Kylo Ren: Not Another Darth Vader

Happy May the 4th! And May the 4th be with you...alwayth.

To commemorate, we decided to write a Star Wars themed post:

SPOILER ALERT!!! (but not really, because, what, do you live in a cave on Mars with your eyes closed and your fingers in your ears?!)

We’ve heard some criticism of Kylo Ren. Most of it is just different ways of saying he isn't as awesome as Darth Vader; that he's too awkward and childish. Also, he looks and sounds kind of goofy, so when he took his mask off early in the movie it eliminated much of the fear factor a villain "ought" to have. Coincidentally, this would probably be Kylo Ren's criticism of himself. But instead of drawbacks, we believe these character flaws are exactly what make him interesting and a great villain! J.J. Abrams thankfully did not try to out-Darth-Vader Darth Vader, and because of that, we think he may have created a unique villain with equal if not greater potential for rich character development and plot substance.

Think of the villains in most of the biggest blockbuster hits in recent years: finely-tuned, superintelligent, frightening, pure evil. The badder the baddy, the more heroic the hero, right? And what did you learn from the villain? Probably that if you have a super power, you'll beat that bad guy/gal, and everything will work out in the end. Even Darth Vader started out this way (we'll post again about him soon). Today’s movie plots are so monotone in their character development that villains and conflicts seem to only serve as an obstacle for the protagonist's supernatural soul-search. And even the hero's character development usually comes as an afterthought to babes and explosions.

Depth of character in both a hero and a villain helps us understand a deeper moral than “things will all work out in the end.” In a deep protagonist, we see ourselves; we see that if we choose the Light, our triumphs and losses will have meaning; we will thwart evil, or die with honor. In a deep antagonist we see ourselves as well; we see that if we choose the Dark, the satisfaction is short-lived and destructive; victories are hollow, and dishonor is inexorable. The moral accentuates the importance of choice.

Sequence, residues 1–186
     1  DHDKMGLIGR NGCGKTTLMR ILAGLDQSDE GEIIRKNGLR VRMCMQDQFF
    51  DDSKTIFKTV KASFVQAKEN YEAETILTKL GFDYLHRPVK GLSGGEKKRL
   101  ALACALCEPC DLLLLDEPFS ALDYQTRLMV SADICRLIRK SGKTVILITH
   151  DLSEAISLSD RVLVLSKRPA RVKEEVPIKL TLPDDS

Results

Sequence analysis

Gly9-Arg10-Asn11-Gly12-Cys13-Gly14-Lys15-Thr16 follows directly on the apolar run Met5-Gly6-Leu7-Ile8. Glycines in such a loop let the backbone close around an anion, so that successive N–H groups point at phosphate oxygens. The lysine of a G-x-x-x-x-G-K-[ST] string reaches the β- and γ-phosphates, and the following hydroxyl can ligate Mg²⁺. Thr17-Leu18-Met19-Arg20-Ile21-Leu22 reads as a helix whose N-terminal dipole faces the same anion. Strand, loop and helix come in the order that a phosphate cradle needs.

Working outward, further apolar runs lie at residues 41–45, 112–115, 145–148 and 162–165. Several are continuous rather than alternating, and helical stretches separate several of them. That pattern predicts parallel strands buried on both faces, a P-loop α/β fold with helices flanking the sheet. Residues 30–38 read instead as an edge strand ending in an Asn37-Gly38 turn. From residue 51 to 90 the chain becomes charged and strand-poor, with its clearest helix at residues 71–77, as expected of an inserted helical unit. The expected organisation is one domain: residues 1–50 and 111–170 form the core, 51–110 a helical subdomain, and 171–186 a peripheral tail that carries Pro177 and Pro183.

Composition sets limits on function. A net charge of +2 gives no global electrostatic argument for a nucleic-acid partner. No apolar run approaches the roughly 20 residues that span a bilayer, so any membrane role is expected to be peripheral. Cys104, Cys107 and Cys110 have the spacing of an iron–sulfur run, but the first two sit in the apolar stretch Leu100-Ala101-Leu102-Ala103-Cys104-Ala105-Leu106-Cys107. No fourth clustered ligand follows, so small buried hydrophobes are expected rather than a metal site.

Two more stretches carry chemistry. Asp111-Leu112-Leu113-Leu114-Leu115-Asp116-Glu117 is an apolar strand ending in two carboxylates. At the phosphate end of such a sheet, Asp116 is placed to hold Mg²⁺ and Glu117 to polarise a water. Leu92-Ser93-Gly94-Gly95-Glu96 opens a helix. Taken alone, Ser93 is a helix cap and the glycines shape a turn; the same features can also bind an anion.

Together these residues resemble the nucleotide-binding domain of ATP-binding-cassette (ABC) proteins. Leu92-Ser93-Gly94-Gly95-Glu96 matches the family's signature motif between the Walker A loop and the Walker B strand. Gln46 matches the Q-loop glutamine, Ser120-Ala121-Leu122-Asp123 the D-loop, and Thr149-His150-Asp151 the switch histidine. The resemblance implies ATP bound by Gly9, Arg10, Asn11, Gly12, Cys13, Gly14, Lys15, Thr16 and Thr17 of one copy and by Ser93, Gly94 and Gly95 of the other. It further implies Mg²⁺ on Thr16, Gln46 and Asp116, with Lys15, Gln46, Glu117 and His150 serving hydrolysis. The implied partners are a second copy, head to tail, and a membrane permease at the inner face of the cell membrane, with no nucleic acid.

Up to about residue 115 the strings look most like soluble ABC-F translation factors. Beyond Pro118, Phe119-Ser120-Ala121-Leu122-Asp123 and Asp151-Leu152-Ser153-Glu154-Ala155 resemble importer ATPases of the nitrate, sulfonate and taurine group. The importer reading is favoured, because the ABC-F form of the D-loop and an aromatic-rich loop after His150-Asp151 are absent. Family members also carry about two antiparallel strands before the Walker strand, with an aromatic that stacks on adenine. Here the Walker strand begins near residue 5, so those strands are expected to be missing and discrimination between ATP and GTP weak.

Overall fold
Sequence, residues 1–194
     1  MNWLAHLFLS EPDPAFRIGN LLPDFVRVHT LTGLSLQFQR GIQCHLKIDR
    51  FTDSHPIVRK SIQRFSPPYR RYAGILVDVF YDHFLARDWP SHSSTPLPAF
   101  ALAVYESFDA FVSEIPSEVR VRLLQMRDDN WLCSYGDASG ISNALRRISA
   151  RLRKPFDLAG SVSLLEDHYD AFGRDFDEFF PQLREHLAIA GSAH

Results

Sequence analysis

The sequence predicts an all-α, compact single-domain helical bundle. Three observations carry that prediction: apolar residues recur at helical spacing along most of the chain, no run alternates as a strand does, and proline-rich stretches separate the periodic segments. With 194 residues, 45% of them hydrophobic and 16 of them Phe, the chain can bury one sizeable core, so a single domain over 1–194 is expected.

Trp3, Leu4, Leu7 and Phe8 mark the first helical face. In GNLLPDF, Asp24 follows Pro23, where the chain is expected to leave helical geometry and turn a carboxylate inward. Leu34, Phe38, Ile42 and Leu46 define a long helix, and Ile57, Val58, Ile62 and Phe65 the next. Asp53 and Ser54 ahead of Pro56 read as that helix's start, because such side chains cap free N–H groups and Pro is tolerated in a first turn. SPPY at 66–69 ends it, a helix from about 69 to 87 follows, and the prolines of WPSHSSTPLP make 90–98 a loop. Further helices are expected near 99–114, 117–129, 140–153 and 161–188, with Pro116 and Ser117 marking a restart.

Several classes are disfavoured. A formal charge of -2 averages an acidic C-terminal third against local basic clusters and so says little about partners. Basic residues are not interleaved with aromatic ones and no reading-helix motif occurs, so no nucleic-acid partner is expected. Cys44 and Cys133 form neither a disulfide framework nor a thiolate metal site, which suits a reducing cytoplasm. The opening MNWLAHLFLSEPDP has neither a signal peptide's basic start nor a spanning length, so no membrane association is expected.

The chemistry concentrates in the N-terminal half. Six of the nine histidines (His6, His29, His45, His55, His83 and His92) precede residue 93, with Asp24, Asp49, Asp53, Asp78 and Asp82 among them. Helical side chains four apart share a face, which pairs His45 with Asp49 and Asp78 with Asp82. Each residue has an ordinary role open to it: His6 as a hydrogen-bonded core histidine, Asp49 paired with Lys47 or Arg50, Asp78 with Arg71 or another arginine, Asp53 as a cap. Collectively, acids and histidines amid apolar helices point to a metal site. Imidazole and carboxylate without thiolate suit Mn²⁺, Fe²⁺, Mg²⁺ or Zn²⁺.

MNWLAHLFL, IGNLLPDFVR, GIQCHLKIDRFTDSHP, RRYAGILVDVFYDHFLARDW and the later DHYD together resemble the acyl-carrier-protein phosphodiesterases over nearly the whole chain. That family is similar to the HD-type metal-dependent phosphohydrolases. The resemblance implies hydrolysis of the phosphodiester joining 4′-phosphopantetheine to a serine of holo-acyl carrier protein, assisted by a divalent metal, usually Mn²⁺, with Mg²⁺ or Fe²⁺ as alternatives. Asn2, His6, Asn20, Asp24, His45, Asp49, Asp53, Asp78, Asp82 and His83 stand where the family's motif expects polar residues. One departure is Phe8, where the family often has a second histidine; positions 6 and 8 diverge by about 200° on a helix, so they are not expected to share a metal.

In The Force Awakens, Kylo Ren was to many supervillain-loving western romantics a disappointing villain—childish, insecure, awkward, etc.  And yet, these are the very reasons why Kylo Ren was an excellent antagonist. You despise him and pity him. You fear him—not because he is a fully developed “bad guy” but because he is a young, fragile, and moldable kid who is making the wrong choices before your eyes and wields far more power than he can appropriately control. His power feeds an idealism which is misguided by insecurity rooted in unrealistic comparison; he wears a mask he doesn’t need. And most importantly: you can relate with him.  

Kylo Ren is not the embodiment of evil. His personal conflict mirrors the fact that there is good and evil in everyone, and most importantly that evil is a choice—his choice—our choice. But the moral to his story is even deeper than just choice. In a way that is a reflection of our reality, his choices are so nuanced that he believes the path he has chosen is the right path, and what we see as evil, to him are necessary sacrifices to achieve a greater good; or at least they began that way. The good guy and the bad guy both think they are the good guy.

So, which one am I? And who am I becoming every time I justify a minor cruelty for the sake of some distant, abstract good? How accustomed will I be to moral abstraction, how thick the waxing layers of numbing superciliousness, when at the crossroads of character? We don’t think Ben Solo is pretending when he says he’s being torn apart. His morals are skewed, but they are still morals. Apparently sealing his fate, he does the unthinkable! But murdering his father was neither improbable nor predestined, but a choice at the culmination of myriad choices—seemingly insignificant allowances of insecurity. We find microcosms in some of our own behaviors—we are Kylo Ren—and we wonder: was it irredeemable? Even after the unthinkable brutality, we all hope it wasn’t.

May the Force be with us.